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Clin Gastroenterol Hepatol. 2017 Aug;15(8):1256-1264. doi: 10.1016/j.cgh.2016.12.041. Epub 2017 Jan 24.

Familial Risk and Heritability of Colorectal Cancer in the Nordic Twin Study of Cancer.

Author information

1
Department of Epidemiology, Harvard T. H. Chan School of Public Health, Boston, Massachusetts; Department of Epidemiology and Biostatistics, University of California San Francisco, San Francisco, California. Electronic address: Rebecca.Graff@ucsf.edu.
2
Epidemiology, Biostatistics and Biodemography, Department of Public Health, University of Southern Denmark, Denmark; The Danish Twin Registry, University of Southern Denmark, Denmark.
3
Department of Epidemiology and Biostatistics, University of California San Francisco, San Francisco, California.
4
Department of Epidemiology and Biostatistics, University of California San Francisco, San Francisco, California; Institute for Human Genetics, University of California San Francisco, San Francisco, California; Department of Urology, University of California San Francisco, San Francisco, California; Helen Diller Family Comprehensive Cancer Center, University of California San Francisco, San Francisco, California.
5
Department of Epidemiology, Harvard T. H. Chan School of Public Health, Boston, Massachusetts; Department of Medical Epidemiology and Biostatistics, Karolinska Institutet, Stockholm, Sweden.
6
Department of Medical Epidemiology and Biostatistics, Karolinska Institutet, Stockholm, Sweden.
7
Department of Genetics and Bioinformatics, Norwegian Institute of Public Health, Oslo, Norway.
8
Finnish Cancer Registry, Institute for Statistical and Epidemiological Cancer Research, Helsinki, Finland; School of Health Sciences, University of Tampere, Tampere, Finland.
9
Department of Public Health, University of Helsinki, Helsinki, Finland; National Institute for Health and Welfare, Department of Health, Helsinki, Finland; Institute for Molecular Medicine Finland, Helsinki, Finland.
10
Department of Epidemiology, Harvard T. H. Chan School of Public Health, Boston, Massachusetts; Channing Division of Network Medicine, Brigham and Women's Hospital, Harvard Medical School, Boston, Massachusetts.
11
Department of Epidemiology, Harvard T. H. Chan School of Public Health, Boston, Massachusetts; Channing Division of Network Medicine, Brigham and Women's Hospital, Harvard Medical School, Boston, Massachusetts; Centre for Public Health Sciences, University of Iceland, Reykjavik, Iceland.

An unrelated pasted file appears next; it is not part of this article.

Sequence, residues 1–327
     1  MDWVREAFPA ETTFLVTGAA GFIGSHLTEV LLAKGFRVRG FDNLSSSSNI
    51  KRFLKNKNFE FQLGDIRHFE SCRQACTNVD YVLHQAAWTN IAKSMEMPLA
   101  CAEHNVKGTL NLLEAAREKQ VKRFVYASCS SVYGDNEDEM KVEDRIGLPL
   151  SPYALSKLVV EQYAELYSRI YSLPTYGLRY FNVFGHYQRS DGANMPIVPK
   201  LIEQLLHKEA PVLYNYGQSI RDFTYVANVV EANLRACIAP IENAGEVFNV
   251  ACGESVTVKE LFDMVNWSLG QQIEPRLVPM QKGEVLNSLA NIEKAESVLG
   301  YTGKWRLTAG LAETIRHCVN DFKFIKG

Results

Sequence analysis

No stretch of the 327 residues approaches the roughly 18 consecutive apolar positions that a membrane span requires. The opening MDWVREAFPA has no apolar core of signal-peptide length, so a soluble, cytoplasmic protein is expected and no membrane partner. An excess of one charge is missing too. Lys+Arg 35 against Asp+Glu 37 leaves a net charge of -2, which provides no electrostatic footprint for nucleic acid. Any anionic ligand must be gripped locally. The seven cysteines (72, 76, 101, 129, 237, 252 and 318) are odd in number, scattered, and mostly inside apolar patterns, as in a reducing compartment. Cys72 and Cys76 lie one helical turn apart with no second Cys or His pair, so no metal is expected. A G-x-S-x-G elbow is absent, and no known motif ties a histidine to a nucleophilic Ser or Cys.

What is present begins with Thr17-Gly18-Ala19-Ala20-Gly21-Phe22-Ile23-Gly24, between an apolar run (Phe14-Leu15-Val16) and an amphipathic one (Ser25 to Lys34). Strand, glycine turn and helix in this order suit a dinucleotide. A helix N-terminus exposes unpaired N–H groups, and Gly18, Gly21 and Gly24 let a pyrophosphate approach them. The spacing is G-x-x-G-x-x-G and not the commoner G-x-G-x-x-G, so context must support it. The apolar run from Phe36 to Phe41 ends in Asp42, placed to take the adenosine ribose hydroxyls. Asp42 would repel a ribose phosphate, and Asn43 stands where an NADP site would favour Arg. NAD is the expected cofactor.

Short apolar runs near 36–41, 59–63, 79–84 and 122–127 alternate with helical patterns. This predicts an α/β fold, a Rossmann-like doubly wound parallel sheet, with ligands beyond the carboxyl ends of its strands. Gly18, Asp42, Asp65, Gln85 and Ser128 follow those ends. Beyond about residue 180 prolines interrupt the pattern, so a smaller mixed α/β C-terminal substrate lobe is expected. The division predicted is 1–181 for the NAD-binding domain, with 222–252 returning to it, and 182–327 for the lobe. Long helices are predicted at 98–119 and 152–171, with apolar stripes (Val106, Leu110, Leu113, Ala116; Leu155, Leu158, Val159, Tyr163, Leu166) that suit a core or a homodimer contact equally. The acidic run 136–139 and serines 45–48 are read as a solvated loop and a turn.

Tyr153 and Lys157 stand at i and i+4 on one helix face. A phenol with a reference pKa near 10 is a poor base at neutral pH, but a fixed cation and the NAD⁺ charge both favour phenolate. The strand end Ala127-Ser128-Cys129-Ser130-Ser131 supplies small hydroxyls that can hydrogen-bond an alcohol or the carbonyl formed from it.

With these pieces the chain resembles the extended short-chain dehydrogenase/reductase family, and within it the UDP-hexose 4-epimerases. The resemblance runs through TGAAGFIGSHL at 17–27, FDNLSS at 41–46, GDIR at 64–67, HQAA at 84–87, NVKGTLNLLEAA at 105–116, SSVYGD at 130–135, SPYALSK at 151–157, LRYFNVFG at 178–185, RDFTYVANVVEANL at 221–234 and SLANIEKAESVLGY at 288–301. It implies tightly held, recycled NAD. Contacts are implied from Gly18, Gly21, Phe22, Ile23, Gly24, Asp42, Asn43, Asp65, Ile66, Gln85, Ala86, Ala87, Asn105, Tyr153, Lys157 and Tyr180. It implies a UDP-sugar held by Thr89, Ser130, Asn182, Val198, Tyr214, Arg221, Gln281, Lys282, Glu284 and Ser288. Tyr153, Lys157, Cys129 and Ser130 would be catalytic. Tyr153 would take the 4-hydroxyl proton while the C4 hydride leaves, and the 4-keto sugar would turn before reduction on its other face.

Abstract

BACKGROUND & AIMS:

We analyzed data from twins to determine how much the familial risk of colorectal cancer can be attributed to genetic factors vs environment. We also examined whether heritability is distinct for colon vs rectal cancer, given evidence of distinct etiologies.

METHODS:

Our data set included 39,990 monozygotic and 61,443 same-sex dizygotic twins from the Nordic Twin Study of Cancer. We compared each cancer's risk in twins of affected co-twins relative to the cohort risk (familial risk ratio [FRR]). We then estimated the proportion of variation in risk that could be attributed to genetic factors (heritability).

RESULTS:

From earliest registration in 1943 through 2010, there were 1861 individuals diagnosed with colon cancer and 1268 diagnosed with rectal cancer. Monozygotic twins of affected co-twins had an FRR for colorectal cancer of 3.1 (95% confidence interval [CI], 2.4-3.8) relative to the cohort risk. Dizygotic twins of affected co-twins had an FRR for colorectal cancer of 2.2 (95% CI, 1.7-2.7). We estimated that 40% (95% CI, 33%-48%) of the variation in colorectal cancer risk could be attributed to genetic factors; unique environment only accounted for the remaining liability. For colon cancer, the FRR was 3.3 (95% CI, 2.1-4.5) for monozygotic twins and 2.6 (95% CI, 1.7-3.5) for dizygotic twins. For rectal cancer, comparable estimates were 3.3 (95% CI, 1.5-5.1) for monozygotic twins and 2.6 (95% CI, 1.2-4.0) for dizygotic twins. Heritability estimates for colon and rectal cancer were 16% (95% CI, 0-46%) and 15% (95% CI, 0-50%), common environment estimates were 15% (95% CI, 0-38%) and 11% (95% CI, 0-38%), and unique environment estimates were 68% (95% CI, 57%-79%) and 75% (95% CI, 61%-88%), respectively.

CONCLUSIONS:

Interindividual genetic differences could account for 40% of the variation in susceptibility to colorectal cancer; risk for colon and rectal cancers might have less of a genetic component than risk for colorectal cancer. Siblings, and particularly monozygotic co-twins, of individuals with colon or rectal cancer should consider personalized screening.

KEYWORDS:

Biometric Modeling; Concordance Relative Risk; Genetic Susceptibility; Zygosity

PMID:
28130150
PMCID:
PMC5522647
DOI:
10.1016/j.cgh.2016.12.041
[Indexed for MEDLINE]
Free PMC Article

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